So said an old ship-captain to me, when describing a fearful storm at sea. When he told of the awful gale—the vivid lightning, the billows mountain high, the ship tossed about like a plaything for the rude winds and waves to buffet—then the voice became softened, his eye glistened amid tears, as he added: "But, madam, He who sends the storm, steers the vessel; and at last we were brought safe into port." 

"That is a very comforting thought, captain," said I. "I wish we could all remember it when storms are raging, and there seems little hope of peace and safety." 

"Yes, ma'am, it is a great comfort; and if we only believe and trust, all will be well. When the storms of adversity sweep over us, and the sunshine seems shut out forever by the clouds of sorrow—when we cry aloud, in our anguish, All Thy waves and billows have gone over me,'—let this ray of light into the sinking heart, and all will be right in His good time. The clouds will disperse, the sunshine glisten over the waters, and mighty winds and waves, at His voice, will cease 'their raging, and there will be `a great calm'—that peace of God which passeth all understanding."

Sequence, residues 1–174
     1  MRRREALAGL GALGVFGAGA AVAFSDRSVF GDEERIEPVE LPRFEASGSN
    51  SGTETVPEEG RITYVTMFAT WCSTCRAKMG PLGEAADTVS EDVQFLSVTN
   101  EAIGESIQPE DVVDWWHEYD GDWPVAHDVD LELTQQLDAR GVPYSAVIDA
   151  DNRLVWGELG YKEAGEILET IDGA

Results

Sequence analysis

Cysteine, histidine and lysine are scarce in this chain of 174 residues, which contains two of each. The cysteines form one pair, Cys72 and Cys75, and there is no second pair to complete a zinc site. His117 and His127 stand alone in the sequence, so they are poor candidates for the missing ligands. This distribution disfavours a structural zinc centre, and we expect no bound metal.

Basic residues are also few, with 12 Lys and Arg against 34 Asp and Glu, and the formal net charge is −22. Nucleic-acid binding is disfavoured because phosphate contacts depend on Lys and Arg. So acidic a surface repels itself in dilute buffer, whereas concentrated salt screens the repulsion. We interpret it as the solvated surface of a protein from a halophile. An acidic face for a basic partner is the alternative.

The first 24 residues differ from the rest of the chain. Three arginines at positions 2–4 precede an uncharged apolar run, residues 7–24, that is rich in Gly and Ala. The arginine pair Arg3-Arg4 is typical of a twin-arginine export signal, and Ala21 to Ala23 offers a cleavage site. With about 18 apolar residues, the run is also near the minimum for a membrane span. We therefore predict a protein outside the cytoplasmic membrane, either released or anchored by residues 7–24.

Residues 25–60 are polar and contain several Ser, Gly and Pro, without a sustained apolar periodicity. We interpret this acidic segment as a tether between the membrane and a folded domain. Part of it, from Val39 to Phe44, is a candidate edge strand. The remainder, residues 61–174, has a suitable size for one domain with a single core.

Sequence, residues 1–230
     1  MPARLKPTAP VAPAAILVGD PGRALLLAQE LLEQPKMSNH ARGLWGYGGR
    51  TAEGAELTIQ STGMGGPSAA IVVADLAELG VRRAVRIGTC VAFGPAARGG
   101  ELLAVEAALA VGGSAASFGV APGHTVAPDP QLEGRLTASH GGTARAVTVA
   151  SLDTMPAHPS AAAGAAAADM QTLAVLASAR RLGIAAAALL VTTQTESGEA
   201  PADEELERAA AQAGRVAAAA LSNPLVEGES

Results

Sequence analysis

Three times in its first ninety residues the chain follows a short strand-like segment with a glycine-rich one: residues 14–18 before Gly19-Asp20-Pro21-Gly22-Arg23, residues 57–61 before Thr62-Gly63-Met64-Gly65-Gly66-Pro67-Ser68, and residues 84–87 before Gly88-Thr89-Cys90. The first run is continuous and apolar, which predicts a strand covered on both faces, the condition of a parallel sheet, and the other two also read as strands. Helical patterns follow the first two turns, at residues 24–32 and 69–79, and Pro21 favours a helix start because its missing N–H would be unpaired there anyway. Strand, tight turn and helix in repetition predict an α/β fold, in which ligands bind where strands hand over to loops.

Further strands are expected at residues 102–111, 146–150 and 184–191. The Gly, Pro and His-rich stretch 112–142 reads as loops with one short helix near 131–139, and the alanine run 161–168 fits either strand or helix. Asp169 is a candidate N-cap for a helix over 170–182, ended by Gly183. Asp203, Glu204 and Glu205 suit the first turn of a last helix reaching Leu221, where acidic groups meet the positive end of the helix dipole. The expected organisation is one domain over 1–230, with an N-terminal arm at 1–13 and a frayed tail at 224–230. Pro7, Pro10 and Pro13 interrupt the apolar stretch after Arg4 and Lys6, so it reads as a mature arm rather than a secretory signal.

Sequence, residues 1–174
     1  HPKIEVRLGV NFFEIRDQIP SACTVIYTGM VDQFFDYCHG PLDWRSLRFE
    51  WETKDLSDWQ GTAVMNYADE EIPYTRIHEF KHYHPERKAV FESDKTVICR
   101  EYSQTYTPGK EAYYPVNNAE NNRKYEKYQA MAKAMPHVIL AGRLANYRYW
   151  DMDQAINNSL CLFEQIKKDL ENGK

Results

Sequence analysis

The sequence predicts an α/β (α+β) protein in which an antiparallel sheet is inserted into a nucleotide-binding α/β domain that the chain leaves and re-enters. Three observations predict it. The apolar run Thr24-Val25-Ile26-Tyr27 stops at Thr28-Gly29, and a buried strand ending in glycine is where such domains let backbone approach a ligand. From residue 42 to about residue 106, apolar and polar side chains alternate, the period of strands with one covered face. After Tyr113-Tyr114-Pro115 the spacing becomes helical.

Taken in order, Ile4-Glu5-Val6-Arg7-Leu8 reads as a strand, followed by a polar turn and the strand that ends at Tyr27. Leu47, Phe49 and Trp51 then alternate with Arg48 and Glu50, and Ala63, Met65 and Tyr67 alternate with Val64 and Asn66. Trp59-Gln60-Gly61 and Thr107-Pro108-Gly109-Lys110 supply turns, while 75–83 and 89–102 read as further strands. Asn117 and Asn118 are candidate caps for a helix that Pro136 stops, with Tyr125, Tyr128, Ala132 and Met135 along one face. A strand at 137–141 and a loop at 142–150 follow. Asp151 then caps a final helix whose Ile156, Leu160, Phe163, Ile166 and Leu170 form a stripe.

"WHATSOEVER thy hand findeth to do, do it with thy might; "that is, do it thoroughly. 

If work is to be done so as to give satisfaction, it must be done thoroughly. Nothing must be slurred over, nothing left to chance. Your whole energy must be thrown into it; your thoughts must be given to it; 

your labor must be given to it. Never let any work leave your hands till you can in truth and honor say you have done your best, your very best. 

Thoroughness is a hard virtue, but it pays.